Insurance Treasury Bill Analysis – Largest Foreign Holder Now Dumping
The Insurance Treasury Bill Conundrum applies to all of the insurance markets. I had written a few articles on how China was (still is) affecting insurance company investments. If you wish to explore how much an insurance carrier invests in very safe investments (T-Bills) you have to look no further than the 10-K for any insurance carrier.
10-Ks are required by the Security and Exchange Commission (SEC) on a yearly basis. I like the way that Hartford presents their 10-K. If you would like to see one, download the PDF here.
The results when searching for Treasury in the PDF totals 35 appearances in Hartford’s 10-K. Insurance carriers look to safely invest large sums of money. If carriers cannot safely invest their funds, where do they turn? The internal rate of return has to come from somewhere.
Japan Sells Off A Large Amount of Treasury Bills
If you wish to see how much each foreign nation has invested in US Treasuries –
I brought up the large amount of Treasury Investments by Japan in 2019. As you can see in the above chart from Statista, Japan is our largest foreign investor.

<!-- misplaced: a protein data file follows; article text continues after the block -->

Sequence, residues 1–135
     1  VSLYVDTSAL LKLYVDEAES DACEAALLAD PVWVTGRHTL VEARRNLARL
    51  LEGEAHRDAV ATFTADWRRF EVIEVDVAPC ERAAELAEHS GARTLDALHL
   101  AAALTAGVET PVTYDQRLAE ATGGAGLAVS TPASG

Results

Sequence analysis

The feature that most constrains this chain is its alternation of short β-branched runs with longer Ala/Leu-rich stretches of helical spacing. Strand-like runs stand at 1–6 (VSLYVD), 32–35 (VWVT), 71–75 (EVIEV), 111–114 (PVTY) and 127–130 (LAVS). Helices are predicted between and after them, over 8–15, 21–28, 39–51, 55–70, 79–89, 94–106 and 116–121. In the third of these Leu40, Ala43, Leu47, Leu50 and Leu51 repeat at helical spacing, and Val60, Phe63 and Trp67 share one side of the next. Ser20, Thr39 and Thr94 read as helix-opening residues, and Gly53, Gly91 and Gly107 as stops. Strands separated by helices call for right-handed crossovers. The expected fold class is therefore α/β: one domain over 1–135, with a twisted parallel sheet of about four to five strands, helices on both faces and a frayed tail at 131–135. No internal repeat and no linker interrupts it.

I came across this article in the Wall Street Journal that pointed out Japan’s lackluster interest in buying US Treasuries. The insurance Treasury Bill conundrum comes from, as I have pointed out in the China sell-off articles.
The chart below shows what I would call dumping securities –
I will not go into the “whys” of the current investment outlook from Japan other than to look at the far right of the chart. Wow! The very well-written WSJ article covers the situation very nicely – think Yen vs. Dollar.
Tieing It All Together
When the insurance treasury bill conundrum happens and T-Bills become less desired by major foreign investors – Japan and China- the safe investment market will dry up leaving insurance carriers having to either invest in risker investments or having to generate an internal rate of return (reserves and premiums).
Insurance carriers have always been very conservative investors. I provided a link to The Hartford’s 10-K as an example of the type of investments carriers seek out. Could this just be a bump in the road – possibly, but look at the charts again.